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Chancery Depositions (C3/242/4 Roger Harlakenden v Jn Bowser)

29.4.1594 (Monday 29 April 1594)

document 15600254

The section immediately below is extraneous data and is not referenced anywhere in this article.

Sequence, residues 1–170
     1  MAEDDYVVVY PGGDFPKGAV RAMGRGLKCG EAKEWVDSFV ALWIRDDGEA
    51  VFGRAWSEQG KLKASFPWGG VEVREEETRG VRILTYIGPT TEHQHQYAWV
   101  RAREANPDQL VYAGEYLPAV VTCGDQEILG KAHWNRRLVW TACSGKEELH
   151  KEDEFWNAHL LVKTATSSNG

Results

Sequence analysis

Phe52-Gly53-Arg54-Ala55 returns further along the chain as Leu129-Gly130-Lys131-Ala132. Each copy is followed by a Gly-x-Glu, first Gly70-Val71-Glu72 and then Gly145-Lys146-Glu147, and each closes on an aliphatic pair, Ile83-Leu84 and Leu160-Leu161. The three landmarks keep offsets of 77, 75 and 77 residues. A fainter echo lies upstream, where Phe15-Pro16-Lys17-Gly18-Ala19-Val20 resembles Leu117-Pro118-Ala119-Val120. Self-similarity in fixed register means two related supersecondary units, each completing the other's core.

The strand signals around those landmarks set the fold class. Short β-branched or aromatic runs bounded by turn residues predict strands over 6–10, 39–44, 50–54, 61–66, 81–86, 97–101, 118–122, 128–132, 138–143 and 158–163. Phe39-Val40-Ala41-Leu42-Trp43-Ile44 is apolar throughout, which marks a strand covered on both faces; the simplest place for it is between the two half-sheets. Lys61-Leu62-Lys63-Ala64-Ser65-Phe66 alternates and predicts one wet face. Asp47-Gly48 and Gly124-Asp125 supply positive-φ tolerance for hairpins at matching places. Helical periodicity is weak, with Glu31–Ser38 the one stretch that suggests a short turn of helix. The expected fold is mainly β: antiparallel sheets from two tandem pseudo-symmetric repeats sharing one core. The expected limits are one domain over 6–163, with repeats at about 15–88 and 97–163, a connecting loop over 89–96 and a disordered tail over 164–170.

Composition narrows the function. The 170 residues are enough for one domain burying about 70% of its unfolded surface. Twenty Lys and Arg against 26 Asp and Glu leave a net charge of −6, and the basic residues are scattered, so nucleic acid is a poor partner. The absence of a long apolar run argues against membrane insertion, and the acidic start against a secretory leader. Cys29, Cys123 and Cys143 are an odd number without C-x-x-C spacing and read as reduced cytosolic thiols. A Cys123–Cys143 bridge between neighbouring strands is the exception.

answer of Jn Bowser defendant to complaint of Roger Harlakenden Bowser says that the bill is untrue and was devised of a set purpose by Harlakenden being of a contentious and troublesome disposition to vex and trouble him by suits of law Bowser says he is not compellable by ordinary course of this court to make any answer but if the court orders him to answer he will give a full answer to save future trouble to him says that the right honourable Edw now earl of Oxford did in .6.26Eliz1 being seised of the manor of Sherives in Essex and divers lands belonging convey to Rich Bowser deceased father of Jn and his heirs the manor of Sherives and all lands pastures rents reversions services and hereditaments of it all in Colne Engaine and other towns in Essex as by perusal of the deed will appear the parcel in the bill of complaint the Gawle and other parcels are part of this property and Rich Bowser took all the rents and revenues during his lifetime and let the Gawle to sundry persons from year to year or at will amongst other Harlakenden who paid the rent continually on the Gawle to Rich Bowser in his life after his death the manor and other premises came to Jn as son and heir and he entered the manor and the revenues and profits came to him Harlakenden being then a farmer and occupier of the Gawle at will of Rich Bowser or from year to year since the death of his father Harlakenden had paid him the rents until about the year 30Eliz1 or 31Eliz1 Harlakenden having bought or intending to buy the Priory of Colne from the earl of Oxford as Bowser has been informed in which purchase Harlakenden used the plainest dealing with the earl then putting him in trust as being his lord and master after or not long before the purchase Harlakenden refused to pay the rent to Bowser for the Gawle whereupon Bowser entered the property and was seized in his demesne of fee Harlakenden then reentered and was seised and in about easter 35Eliz1 brought his action of trespass in common law (sic but document blurred) for the cutting down of certain trees in the Gawle which action came to trial at the last assizes held at Chelmsford and Harlakenden pleaded not guilty Harlakenden had no certain title to rely on but using colourable shift for maintaining of his pretended title was still found guilty for trespass and judgement was given in Bowser's favour and damages given therefore Bowser demands of this court that after this verdict it is right to proceed with a further case about the parcel of ground the Gawle and as to the rest of the matters in the bill and first as to the pretended lease in the bill of complaint surmised to be made by the earl of Oxford of the manor of Colne Priory with divers other lands and tenements mentioned in the bill Bowser says he does not know why Harlakenden makes mention of the lease for it can in no wise impeach the interest and title of Bowser in the manor of Sherives nor part or parcel of it the lease being made after Rich Bowser the father purchased the manor if Harlakenden has any intention of making the lease uncertain to examine witnesses for the proof of it to the prejudice of any other person not party to the suit he demands judgement of this court whether Harlakenden by such devise shall be allowed to examine witnesses touching the proof of the lease but if Harlakenden's meaning by the mentioning of the lease be to entitle himself to the evidences of the earl in Priory House he Bowser says that as he was told by his learned counsel Harlakenden cannot entitle himself to those evidences by the same lease for there is no special grant contained in the same lease so as the interest of the said evidences did not remain notwithstanding the demise of the said earl and the custody and trust thereof only to the use of the being in the complainant so that if Harlakenden did take upon him to deliver any of the evidences in the bill to Bowser or anyone else without warrant for the delivery from the earl he would be discovered to be a man of small trust and large conscience and little regarding the truth and faith he ought to bear for the earl his lord and master Bowser says that it is true that about the time mentioned in the bill he came to Harlakenden in the house of Colne Priory being recommended to him by the letters of the late right honourable Xoph Hatton knight late lord chancellor for getting evidence about the manor of Sherives which was Bowser's inheritance as by the sale to his father by the earl Harlakenden gave him licence and one Smith was procured to make search amongst the evidences of the earl in the Priory House to find evidence about the manor of Sherives and whether they found any such evidence Bowser does not now remember but if he did find such evidence and if he did carry any away it only concerned the manor of Sherives and such as Harlakenden delivered with his own hands to him without that the earl of Oxford by his indenture of 2.1.30Eliz1 demised to Harlakenden the site of the manor of Colne Priory and other lands and tenements mentioned in the indenture to Bowser's knowledge and without that Harlakenden did deliver to Bowser about seventeen deeds and writings as in the bill is untruly alleged and without that Bowser has any intention by colour of the purchase of the manor of Sherives or by having any deed or evidence by the delivery of Harlakenden or otherwise to challenge or encroach to himself more lands or tenements than of right belong to him as is alleged and without that Bowser in the search of the Priory in the absence of Harlakenden carried away any deeds or evidences concerning the manor of Earls Colne and Colne Priory or took any deeds or writings about the inheritance of Harlakenden in the manor of the Priory is falsely surmised and without that he having obtained the possession of the deeds etc left before Harlakenden returned from his court for as Bowser remembers Harlakenden took his leave of him before he left for the court Bowser has never made any entry into the parcel the Gawle except lawfully and the Gawle is not parcel of the manor of Colne Priory as in the bill of complaint is very untruly alleged he is ready to avow and prove all his answers the court to give him reasonable costs for the charges wrongfully sustained